December 18, 2014

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Speakers: Nelson Mandela provided universal lessons

Joanne Eldridge

Library director Joanne Eldridge helped organize a Nelson Mandela remembrance ceremony Saturday at the Lorain Public Library. CHELSEA MILLER/CHRONICLE

LORAIN — Nelson Mandela’s influence goes beyond the borders of South Africa, according Imam Paul Hasan, who led a remembrance ceremony for Mandela at the Lorain Public Library on Saturday.

Hasan, of Interfaith Ministries in Lorain, said Lorain residents can learn from Mandela’s struggle and his efforts to end apartheid — racial segregation in his homeland. He was imprisoned for 27 years for his fight against the government before becoming the nation’s first black president.

Hasan said it’s important to remember Mandela’s contributions to end oppression. Since the 95-year-old’s death on Dec. 5, commemorations have been held for him around the world.

“We want to make sure we made our contribution and recognized his greatness,” Hasan said. “It’s for us to recognize the sacrifice he made, not just for South Africa, but worldwide, for human dignity.”

Imam Paul Hasan speaks about the lessons that can be learned from Nelson Mandela’s struggles.

Hasan said Mandela’s sacrifices were especially significant to him, as an African-American man. He called upon those who attended Saturday’s commemoration to follow in Mandela’s footsteps and improve the city of Lorain.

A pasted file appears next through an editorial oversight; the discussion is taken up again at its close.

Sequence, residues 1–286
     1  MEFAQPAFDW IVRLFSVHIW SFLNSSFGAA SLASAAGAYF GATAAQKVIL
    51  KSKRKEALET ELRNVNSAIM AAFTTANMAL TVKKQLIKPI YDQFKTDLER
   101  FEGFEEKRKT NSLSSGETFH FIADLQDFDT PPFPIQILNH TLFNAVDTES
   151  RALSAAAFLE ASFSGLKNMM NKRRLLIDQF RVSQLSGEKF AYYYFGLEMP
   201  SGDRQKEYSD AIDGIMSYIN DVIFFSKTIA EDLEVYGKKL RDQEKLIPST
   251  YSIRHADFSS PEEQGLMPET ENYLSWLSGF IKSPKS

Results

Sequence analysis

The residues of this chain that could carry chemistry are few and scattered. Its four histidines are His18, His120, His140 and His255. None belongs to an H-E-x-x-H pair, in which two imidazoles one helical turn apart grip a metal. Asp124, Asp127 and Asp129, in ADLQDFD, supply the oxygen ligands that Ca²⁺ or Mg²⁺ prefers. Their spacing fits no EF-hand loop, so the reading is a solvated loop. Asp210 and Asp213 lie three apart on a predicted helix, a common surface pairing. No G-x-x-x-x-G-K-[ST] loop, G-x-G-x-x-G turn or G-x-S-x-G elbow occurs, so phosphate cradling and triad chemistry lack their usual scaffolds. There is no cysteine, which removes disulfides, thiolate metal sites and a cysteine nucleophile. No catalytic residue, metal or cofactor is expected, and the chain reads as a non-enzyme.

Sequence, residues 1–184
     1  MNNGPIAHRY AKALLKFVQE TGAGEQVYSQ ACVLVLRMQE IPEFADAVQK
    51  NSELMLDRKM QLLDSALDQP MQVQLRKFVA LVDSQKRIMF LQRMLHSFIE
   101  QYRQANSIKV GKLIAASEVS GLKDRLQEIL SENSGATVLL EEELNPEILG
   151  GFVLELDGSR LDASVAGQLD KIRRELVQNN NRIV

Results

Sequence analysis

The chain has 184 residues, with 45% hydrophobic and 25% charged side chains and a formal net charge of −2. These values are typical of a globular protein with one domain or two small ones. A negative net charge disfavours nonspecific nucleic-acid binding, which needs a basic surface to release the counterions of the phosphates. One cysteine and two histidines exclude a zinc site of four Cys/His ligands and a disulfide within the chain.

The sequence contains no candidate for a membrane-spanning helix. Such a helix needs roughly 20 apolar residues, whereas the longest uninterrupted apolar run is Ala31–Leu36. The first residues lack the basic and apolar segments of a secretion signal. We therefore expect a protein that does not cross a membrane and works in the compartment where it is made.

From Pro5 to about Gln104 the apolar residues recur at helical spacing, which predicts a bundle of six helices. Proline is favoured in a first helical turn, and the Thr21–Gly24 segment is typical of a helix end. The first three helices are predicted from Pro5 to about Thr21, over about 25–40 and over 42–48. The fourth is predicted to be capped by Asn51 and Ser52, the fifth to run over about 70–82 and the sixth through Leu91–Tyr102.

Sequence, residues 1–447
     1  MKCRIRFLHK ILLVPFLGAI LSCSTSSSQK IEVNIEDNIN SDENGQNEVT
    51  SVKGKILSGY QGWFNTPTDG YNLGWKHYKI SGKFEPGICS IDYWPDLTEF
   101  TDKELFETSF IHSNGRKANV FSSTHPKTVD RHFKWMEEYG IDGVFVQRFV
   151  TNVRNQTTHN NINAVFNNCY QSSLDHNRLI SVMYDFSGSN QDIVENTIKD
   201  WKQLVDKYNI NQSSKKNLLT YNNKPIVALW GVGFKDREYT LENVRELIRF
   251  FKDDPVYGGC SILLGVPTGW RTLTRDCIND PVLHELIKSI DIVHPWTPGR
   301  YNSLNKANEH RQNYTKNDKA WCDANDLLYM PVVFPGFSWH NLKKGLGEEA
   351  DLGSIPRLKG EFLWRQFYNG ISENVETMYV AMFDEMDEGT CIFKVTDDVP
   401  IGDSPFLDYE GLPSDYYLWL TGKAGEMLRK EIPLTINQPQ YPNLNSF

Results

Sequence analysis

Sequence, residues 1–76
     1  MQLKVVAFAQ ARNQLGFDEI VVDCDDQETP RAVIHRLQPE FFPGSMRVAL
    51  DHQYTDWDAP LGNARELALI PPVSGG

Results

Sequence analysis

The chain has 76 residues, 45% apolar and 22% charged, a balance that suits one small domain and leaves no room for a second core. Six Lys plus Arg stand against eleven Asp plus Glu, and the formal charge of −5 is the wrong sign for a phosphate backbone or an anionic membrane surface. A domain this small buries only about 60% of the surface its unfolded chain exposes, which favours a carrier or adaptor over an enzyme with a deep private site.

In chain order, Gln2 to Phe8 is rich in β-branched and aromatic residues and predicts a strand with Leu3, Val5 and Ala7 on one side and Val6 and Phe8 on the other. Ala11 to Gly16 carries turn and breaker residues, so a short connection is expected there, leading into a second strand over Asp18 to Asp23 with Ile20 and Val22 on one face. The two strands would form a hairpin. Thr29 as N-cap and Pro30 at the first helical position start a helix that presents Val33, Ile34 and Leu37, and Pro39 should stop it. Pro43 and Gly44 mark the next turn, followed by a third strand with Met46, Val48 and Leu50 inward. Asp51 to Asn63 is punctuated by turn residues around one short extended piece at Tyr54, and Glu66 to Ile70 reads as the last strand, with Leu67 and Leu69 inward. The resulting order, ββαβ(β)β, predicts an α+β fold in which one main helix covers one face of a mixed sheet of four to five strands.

Hasan, Tim Carrion, Marcus Atkinson and Ricky Smith organized Saturday’s ceremony with the help of Lorain Public Library System director Joanne Eldridge. The event was sponsored by International Urban Peace, Justice & Empowerment of Lorain County; Interfaith Ministries and the Lorain community.

Those who attended discussed Mandela’s life as well as how they could improve their community.

“There are many, many people who are not taking control of their destiny … We’re all in this together,” Atkinson said. “We can look at people like Nelson Mandela, and people before that and after that, to empower ourselves.”

Carrion said there are disparities between races in the U.S. He said it’s important for the city’s leaders to work together.

The Rev. C. Roger Dickerson also spoke and said a prayer.

“Christ was chosen to die for the sins of the world. Nelson was chosen to prove a point that no one else ever has,” he said. “Yes, he did 27 years, but he came out stronger after those 27 years. He left us a legacy.”

Contact Chelsea Miller at 329-7123 or cmiller@chroniclet.com. Follow her on Twitter @ChelseaMillerCT.